Electrical engineers at Duke University announced that they have developed a fully print-in-place technique for electronics that can work on sensitive surfaces such as human skin and paper. The new techniquecould advance medical devices printed on materials such as skin or bandages that include biosensors and embedded electronic tattoos.

“For direct or additive printing to ever really be useful, you’re going to need to be able to print the entirety of whatever you’re printing in one step,” said Aaron Franklin, the James L. and Elizabeth M. Vincent Associate Professor of Electrical and Computer Engineering at Duke, in a press release. “Some of the more exotic applications include intimately connected electronic tattoos that could be used for biological tagging or unique detection mechanisms, rapid prototyping for on-the-fly custom electronics, and paper-based diagnostics that could be integrated readily into customized bandages.”

Researchers described the processes in two recent papers. The Nanoscale article highlights how the room-temperature printing of conductive traces advance the direct writing of electronic tattoos and other devices onto biological tissues, such as human skin. The primary challenge, say researchers, has been the use of conductive inks that require biologically harmful post-processing techniques to attain the required electrical performance, along with the degradation of printed conductive traces during bending stresses.

The work conducted by Franklin’s lab and the laboratory of Benjamin Wiley, professor of chemistry at Duke, shows that the use of water-based inks that consist of silver nanowires enable the printing of conductive traces at low temps, and eliminate the harmful post-processing techniques. In addition, the traces retained their high electrical performance, even under up to 50% bending strain and cyclic bending strain over a thousand bending cycles. The researchers used an aerosol printer to print the ink onto substrates such as an apple and human finger, which dried in less than two minutes, a key requirement for direct writing of electronics on sensitive surfaces.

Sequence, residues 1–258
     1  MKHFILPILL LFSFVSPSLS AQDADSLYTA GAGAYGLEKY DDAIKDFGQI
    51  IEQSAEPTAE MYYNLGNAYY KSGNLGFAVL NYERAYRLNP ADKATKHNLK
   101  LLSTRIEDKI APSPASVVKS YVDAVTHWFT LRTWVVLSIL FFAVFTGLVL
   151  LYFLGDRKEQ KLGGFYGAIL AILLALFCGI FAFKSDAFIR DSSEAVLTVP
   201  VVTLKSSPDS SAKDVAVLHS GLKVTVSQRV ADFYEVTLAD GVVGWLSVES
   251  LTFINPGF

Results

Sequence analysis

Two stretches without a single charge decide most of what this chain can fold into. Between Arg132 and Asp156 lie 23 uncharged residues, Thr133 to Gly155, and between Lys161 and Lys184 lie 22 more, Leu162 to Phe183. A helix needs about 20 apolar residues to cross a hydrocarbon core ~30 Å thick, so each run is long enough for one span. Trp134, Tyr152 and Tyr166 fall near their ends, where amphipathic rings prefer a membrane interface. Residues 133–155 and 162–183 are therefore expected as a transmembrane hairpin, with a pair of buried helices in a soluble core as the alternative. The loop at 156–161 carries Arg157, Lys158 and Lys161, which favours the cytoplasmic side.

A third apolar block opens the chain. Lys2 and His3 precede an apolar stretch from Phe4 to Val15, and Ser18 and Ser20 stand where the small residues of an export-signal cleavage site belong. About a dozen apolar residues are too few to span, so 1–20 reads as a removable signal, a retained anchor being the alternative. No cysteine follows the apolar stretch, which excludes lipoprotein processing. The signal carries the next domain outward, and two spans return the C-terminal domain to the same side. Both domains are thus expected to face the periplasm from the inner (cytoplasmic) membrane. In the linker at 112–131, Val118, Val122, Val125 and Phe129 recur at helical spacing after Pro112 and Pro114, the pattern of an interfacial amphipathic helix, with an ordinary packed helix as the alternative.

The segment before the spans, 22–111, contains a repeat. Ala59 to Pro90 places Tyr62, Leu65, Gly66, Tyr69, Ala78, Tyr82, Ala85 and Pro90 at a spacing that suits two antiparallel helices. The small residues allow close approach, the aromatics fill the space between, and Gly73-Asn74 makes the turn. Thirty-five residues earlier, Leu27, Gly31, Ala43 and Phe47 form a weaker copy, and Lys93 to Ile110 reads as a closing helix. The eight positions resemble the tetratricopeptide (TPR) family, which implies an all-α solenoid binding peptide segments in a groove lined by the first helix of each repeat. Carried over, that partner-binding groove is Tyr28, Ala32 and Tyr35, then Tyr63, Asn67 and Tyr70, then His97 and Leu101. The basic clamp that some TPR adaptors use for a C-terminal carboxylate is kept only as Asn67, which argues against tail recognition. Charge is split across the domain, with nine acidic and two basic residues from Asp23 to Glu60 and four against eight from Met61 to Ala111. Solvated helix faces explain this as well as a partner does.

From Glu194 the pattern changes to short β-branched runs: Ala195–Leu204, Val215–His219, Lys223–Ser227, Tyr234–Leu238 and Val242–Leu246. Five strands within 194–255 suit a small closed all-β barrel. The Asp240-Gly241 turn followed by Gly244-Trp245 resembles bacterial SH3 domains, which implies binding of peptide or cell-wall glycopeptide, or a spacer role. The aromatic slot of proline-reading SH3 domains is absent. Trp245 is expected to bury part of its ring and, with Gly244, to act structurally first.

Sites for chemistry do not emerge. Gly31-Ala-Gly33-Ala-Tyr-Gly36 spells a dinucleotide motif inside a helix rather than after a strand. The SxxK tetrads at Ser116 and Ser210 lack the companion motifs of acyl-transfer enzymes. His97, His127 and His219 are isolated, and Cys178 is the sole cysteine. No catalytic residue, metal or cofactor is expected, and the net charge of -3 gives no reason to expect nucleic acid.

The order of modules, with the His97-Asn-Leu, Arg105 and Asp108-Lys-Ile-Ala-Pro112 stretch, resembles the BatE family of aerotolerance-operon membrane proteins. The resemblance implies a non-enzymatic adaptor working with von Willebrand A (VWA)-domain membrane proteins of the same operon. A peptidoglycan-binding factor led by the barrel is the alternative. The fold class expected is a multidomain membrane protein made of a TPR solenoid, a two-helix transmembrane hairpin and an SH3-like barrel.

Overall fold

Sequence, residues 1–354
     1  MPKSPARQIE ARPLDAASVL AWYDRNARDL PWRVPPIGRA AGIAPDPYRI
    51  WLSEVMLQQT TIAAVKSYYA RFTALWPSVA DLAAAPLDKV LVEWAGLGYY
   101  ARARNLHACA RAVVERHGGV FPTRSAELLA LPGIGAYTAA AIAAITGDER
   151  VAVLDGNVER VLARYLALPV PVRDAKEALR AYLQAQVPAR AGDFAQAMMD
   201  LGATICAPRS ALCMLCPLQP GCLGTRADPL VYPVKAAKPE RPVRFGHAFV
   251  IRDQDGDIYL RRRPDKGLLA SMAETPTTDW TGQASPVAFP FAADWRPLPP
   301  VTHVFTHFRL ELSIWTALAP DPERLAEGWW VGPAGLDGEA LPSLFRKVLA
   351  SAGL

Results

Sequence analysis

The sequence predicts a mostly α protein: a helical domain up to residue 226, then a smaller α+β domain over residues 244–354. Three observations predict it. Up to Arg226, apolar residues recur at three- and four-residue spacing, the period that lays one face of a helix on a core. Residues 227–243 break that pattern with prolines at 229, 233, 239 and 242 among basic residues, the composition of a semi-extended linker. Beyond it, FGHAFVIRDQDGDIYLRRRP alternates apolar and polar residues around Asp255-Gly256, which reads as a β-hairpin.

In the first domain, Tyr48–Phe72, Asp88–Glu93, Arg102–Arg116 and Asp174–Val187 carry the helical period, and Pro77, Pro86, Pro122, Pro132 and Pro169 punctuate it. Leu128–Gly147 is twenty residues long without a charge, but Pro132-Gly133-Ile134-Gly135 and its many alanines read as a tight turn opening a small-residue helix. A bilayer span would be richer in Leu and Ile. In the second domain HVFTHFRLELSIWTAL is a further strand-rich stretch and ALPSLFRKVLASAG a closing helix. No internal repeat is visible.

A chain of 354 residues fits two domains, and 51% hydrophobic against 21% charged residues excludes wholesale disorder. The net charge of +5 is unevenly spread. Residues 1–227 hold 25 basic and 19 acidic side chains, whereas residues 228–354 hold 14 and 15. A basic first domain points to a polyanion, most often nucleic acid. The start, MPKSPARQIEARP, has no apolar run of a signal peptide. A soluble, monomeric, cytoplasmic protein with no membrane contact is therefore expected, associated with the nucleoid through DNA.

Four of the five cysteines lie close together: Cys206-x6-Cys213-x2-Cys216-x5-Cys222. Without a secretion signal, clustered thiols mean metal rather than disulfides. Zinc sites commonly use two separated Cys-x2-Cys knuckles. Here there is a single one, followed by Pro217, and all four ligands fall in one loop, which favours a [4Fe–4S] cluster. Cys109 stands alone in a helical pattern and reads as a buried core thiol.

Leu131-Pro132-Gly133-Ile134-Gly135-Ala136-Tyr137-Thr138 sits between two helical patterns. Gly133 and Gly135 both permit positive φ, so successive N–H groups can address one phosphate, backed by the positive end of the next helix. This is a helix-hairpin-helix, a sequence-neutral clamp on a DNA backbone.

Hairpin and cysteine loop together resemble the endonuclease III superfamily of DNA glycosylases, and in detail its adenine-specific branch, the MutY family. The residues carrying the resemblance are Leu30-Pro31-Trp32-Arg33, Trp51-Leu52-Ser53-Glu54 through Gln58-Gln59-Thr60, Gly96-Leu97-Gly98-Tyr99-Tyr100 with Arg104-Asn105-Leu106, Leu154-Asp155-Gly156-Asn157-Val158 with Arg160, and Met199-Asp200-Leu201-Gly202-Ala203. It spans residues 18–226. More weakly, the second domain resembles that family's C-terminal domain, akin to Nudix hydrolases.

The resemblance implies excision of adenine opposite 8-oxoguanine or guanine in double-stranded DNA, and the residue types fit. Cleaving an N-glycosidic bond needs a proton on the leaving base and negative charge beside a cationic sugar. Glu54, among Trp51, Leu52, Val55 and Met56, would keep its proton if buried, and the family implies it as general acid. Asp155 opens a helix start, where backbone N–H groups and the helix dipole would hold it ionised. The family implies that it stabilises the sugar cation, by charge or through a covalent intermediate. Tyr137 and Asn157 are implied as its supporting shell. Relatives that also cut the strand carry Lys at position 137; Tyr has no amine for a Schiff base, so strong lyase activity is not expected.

“Nobody thought the aerosolized ink, especially for boron nitride, would deliver the properties needed to make functional electronics without being baked for at least an hour and a half,” stated Franklin. “But not only did we get it to work, we showed that baking it for two hours after printing doesn’t improve its performance. It was as good as it could get just using our fully print-in-place process.”

Duke-University-printed-electronics

(Image: Duke University)

A video accompanying the paper shows the printing of two electronically active leads along the underside of a finger.

The ACS NANO article details how the researchers solved the challenges of implementing low-temperature printed devices using semiconducting carbon nanotubes (CNTs) printed into thin films that offer high electrical performance, mechanical stability, and low-temperature processing. In this paper, Franklin and graduate student Shiheng Lu combine the conductive ink with two other printable components to create functional transistors.

The researchers said they were able to demonstrate 1D–2D thin-film transistors (1D–2D TFTs) in a low-temperature (maximum exposure ≤80 °C) full print-in-place process (This means no substrate removal from the printer throughout the entire process.) using an aerosol jet printer. The key takeaways are that Franklin’s print-in-place technique doesn’t require the substrate to be removed for additional processing, and can be completed at the lowest overall processing temperature.

“Over the years there have been a slew of research papers promising these kinds of ‘fully printed electronics,’ but the reality is that the process actually involves taking the sample out multiple times to bake it, wash it or spin-coat materials onto it,” Franklin stated. “Ours is the first where the reality matches the public perception.”

However, Franklin noted that his printing method won’t likely replace large-scale manufacturing processes for wearable electronics. Instead, he sees potential in rapid prototyping or applications where “one size doesn’t fit all.”